The Ljubljana Puppet Theatre (LPT) is the central puppet theatre in Slovenia, running a varied programme of puppet and also theatre performances. Mainly – though not exclusively – intended for children and youth, the theatre encompasses both traditional puppetry as well as its many contemporary forms. Involved in various international endeavours and working with domestic as well as foreign authors, its productions are often included at distinguished theatre and puppetry festivals in Slovenia and abroad. Established in 1948, it is still actively shaping the development of puppetry as such.
The theatre organises the Biennial Festival of the Contemporary Puppetry Art LUTKE and co-produces the Golden Stick Festival, both taking place every second year. The Museum of Puppetry, another project co-founded by the theatre, opened its doors in 2015 and is stationed at the Ljubljana Castle.
Background and notable performances
Established as the City Puppet Theatre, LPT emerged as a follow-up to numerous semi-professional puppet groups organised in the region since the beginning of the 20th century. The theatre fast developed its own mode of expression and soon became the leading puppet theatre in the then Yugoslavia. At first, the performances were based on the marionette technique, but later it also got engaged in the possibilities of hand puppetry. However, from the 1970s onward the theatre has been consistently trying to advance the technological and dramatic possibilities of puppetry, cultivating a captivating mixture of classical contents and experimentation.
Though it initially focused on works by Slovene authors, the theatre’s most important early performances were adaptations of foreign works. One such production is the Žogica Marogica (Speckles the Ball), written by the Czech puppeteer Jan Malik, which remains unchanged in the repertoire ever since its première in 1951. Another timeless hit appears to be the Zvezdica zaspanka (Twinkle Sleepyhead), written by Frane Milčinski – Ježek and in the repertoire since 1955. It was followed by the eponymous film, the first Yugoslav colour marionette film, which greatly contributed to its huge success.
Doktor Faust (Doctor Faustus) is based on the motifs from the first Slovene production of the play (1938) by Milan Klemenčič, the founder of Slovene puppetry, after whom the most prominent Slovene award for achievement in puppetry is named (the Klemenčič Award). The slightly refreshed performance still uses puppets from the original staging.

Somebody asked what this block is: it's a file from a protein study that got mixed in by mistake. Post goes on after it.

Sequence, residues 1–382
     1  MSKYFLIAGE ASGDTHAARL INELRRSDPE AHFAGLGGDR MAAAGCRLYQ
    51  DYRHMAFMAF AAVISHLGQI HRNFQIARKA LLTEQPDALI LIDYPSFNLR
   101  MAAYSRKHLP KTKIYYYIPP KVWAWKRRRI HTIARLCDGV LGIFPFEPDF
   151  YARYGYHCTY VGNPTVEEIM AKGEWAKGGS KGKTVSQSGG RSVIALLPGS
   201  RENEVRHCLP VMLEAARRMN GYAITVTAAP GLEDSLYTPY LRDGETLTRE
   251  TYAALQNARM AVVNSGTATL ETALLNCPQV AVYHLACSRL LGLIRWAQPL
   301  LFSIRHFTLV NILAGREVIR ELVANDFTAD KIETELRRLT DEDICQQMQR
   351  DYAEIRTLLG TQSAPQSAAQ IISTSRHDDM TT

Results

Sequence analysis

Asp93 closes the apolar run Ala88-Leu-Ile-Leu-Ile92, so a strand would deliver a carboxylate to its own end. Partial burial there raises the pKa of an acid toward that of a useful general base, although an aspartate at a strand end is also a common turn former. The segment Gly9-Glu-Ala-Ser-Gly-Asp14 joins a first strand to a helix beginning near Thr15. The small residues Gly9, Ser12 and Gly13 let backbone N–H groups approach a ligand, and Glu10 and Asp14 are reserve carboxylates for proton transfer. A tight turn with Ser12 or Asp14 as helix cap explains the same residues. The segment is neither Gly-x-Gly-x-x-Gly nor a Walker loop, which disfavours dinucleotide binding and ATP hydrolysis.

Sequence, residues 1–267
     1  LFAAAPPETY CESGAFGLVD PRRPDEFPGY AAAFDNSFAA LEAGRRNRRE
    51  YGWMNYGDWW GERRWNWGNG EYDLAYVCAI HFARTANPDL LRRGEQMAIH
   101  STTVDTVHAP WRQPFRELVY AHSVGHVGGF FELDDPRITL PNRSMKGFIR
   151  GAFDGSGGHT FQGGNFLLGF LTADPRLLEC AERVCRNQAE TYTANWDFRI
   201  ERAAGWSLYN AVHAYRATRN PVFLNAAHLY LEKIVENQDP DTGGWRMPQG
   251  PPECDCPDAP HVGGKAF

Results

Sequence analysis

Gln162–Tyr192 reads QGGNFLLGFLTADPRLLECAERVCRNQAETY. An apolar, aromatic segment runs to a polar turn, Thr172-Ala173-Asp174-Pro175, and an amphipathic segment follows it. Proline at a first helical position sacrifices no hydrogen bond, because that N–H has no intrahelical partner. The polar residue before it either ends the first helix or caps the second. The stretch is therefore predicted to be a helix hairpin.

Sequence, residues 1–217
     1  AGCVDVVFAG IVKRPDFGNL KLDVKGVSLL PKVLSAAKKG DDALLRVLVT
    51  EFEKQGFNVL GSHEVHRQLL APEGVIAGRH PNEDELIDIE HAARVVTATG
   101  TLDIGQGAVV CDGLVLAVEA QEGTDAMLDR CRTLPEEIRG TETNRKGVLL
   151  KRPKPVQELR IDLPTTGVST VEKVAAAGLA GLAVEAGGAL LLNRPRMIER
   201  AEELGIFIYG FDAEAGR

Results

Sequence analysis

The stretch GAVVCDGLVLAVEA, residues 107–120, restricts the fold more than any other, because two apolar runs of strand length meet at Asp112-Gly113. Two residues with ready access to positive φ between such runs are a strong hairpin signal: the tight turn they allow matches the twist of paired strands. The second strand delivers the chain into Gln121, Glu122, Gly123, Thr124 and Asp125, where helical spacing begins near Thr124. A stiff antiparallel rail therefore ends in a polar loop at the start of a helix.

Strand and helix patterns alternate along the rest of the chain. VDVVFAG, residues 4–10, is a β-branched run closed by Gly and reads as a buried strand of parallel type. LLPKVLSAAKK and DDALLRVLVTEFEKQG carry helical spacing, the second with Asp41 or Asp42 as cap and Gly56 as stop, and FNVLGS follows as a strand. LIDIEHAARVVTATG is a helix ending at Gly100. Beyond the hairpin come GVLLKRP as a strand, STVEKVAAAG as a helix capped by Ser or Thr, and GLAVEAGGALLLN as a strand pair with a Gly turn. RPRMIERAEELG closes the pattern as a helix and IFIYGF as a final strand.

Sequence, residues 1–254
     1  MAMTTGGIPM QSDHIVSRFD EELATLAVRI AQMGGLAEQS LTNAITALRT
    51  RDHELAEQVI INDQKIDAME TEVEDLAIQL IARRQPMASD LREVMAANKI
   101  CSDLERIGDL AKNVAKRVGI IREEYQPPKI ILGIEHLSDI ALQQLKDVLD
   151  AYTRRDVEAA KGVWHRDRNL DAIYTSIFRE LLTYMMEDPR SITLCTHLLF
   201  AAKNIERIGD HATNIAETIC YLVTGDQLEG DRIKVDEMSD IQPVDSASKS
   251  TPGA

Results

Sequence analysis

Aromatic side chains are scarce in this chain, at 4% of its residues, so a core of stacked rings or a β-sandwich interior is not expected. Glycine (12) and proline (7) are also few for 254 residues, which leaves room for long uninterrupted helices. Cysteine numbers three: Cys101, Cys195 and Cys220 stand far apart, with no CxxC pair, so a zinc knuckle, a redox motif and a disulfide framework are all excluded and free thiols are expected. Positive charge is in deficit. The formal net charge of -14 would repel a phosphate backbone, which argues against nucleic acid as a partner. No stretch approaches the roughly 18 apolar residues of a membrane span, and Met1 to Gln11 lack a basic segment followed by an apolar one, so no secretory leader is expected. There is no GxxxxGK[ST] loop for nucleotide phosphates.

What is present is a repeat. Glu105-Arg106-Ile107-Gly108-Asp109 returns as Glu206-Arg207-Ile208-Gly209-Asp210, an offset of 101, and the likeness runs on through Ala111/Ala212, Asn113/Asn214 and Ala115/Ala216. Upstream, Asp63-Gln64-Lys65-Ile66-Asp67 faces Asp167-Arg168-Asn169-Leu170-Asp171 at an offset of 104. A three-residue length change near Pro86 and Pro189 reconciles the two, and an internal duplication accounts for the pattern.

The repertory programme of the Ljubljana Puppet Theatre is divided into two segments: puppet performances and drama performances, with about twelve premières annually. The programme includes stagings of classical works, performances based on fresh texts by emerging as well as established Slovene authors (Svetlana Makarovič, Boris A. Novak, Anja Štefan and Silvan Omerzu among the more prominent ones), works by international authors as well as original, often multimedia performances. LPT collaborates with Slovene and international directors specialised in puppetry as well as theatre directors and even choreographers.
The theatre cultivates all the main puppetry genres (marionette, hand puppets, Javanese puppets, shadow puppets, mimic puppets) and also develops new ones. It also preserves more than 2000 puppets from past performances. It keeps an important collection relating to the Slovene puppetry heritage – see the Ljubljana Puppet Theatre Museum Collection, now partly incorporated into the Museum of Puppetry.
Besides its regular performances, the theatre runs the Biennial Festival of the Contemporary Puppetry Art LUTKE and co-produces the Golden Stick Festival. Productions of Ljubljana Puppet Theatre are active on international stages and also often awarded. The theatre organises puppetry workshops and generally devotes a lot of attention to various educational activities through which it wishes to advance the art of puppetry. To this end, it systemically collaborates with schools across Slovenia.
The theatre is a member of the International Puppetry Association UNIMA, the first congress of which was held in Ljubljana in 1933, and then repeated in 1992 again (the Lutke festival was initiated on that occasion). It is also a member of ASSITEJ, the International Association of Theatre for Children and Young People; Small Size, the international association focused on productions for early years (under six years of age); and is one of the founding members of NEECPA, a network of puppet centres joining primarily the key players from Scandinavia, the Baltic region and Russia.